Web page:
Behind the French Menu gives a tasty background to French cuisine, French dishes, how they are made and how they should be served.
Where there is a story behind a dish's creation and
that story may aid the diner's enjoyment then that will also be included. Bon appétit!
domesticated Mexican turkey, and that was in the 16th
The turkeys on
most French menus are descended from a different bird to those on most North
American and UK menus.
Behind the French Menu
The Mexican wild turkey -meleagris gallopavo mexicana
Photograph courtesy of Al_HikesAZ
turkey, even a wild turkey, is too large for a single family meal and so like
geese, the first whole turkeys began to be associated with celebrations. Then
the butchers began to sell turkey parts and already two hundred years ago many recipes
created especially for turkey began to be seen on French menus.
Dinde– A turkey; a hen
Dindo – Turkey in Provencal.
Dindon - A male turkey, a
turkey-cock, a tom turkey.
Dindonneau - A young turkey..
French menu today you may be offered:
– A blanquette is stew that was originally made with white meats meaning
veal, pork or rabbit.The word blanc means
white in French and is the origin for the name blanquette and today blanquettes
include fish and poultry.Most recipes
for blanquettes include mushrooms and a cream sauce with some including
white wine. When the menu listing is like this one and gives no information,
Farcies au Jambon de Dinde Fume – Crepes, pancakes, stuffed with smoked
turkey.Jambon de dinde fume translates as
smoked turkey ham; however do not confuse French smoked turkey with the UK or
USA turkey ham. The US and UK turkey ham may be cured but is not usually
smoked;it is also often shaped to look
like a ham. Smoked turkey ham in France has a taste somewhat similar to ham; the
taste of smoked turkey, as well as smoked duckand smoked goose allows them to be used by observant Jews and Moslems as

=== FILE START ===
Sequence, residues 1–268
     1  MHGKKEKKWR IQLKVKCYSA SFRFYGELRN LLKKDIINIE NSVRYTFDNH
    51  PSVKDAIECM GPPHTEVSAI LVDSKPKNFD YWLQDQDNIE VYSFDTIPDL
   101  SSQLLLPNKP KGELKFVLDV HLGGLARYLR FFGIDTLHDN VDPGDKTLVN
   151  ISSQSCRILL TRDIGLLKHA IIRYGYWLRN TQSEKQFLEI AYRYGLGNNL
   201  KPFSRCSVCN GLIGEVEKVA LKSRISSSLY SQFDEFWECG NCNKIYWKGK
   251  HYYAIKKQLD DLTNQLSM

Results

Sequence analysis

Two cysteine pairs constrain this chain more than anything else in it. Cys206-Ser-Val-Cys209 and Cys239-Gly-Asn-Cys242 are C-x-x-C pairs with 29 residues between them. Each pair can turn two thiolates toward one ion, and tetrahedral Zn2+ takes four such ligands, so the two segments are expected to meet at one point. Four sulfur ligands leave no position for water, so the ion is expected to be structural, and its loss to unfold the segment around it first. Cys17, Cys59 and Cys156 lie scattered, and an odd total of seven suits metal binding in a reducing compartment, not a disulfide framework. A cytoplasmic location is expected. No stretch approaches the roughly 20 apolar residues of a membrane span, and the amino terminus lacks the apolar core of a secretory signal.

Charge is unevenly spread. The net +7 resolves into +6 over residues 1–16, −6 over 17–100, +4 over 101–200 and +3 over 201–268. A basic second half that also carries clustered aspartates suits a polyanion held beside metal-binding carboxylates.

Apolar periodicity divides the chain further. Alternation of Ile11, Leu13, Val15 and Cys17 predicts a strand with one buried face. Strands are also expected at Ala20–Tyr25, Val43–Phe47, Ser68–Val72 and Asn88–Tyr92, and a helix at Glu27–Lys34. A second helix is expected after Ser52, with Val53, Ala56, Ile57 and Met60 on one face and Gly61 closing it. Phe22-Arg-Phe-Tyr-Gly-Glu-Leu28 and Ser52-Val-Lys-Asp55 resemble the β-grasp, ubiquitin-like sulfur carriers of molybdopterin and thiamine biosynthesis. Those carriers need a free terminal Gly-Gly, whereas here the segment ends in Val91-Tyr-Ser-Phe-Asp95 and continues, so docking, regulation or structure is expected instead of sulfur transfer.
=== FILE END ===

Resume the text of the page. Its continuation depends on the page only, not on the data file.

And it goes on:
a replacement in recipes that use real ham and or bacon.
de Dinde à la Crème – A slice of
turkey breast served with a cream sauce. An escalope is a cut that is boneless
and usually more or less round or oval shaped. The English names used in
translating escalope include a cutlet, a
scallop and an escalope. On French menus, an escalope may be a cut from fish
and some meats, except veal..
Escalopes of turkey breast
Similar cuts come from
veal will rarely be seen with the name escalope, the terms paillard or
paillard de veau will be used. N.B. The meaning of the English word
scallop for an escalope refers to the shape of a scallop’s shell, not
the meat inside.
de Dinde Fermière de Loué Cuisinées Comme un Coq au Vin- Turkey legs from the
farm-raised turkeys of Loué cooked in the manner of coq au vin. Coq au vin is a unique dish with a long history. .The turkey and other
poultry raised by the farmers in Loué are known all over France. Loué is in the département ofSarthe in the Pays de la Loire. Nearly
every chicken, turkey, duck and guinea hen from Loué will either have a label
rouge, the red label for their consistent qualityor they will have the French AB organic
label. For poultry, the red label ensures that the birds are all free range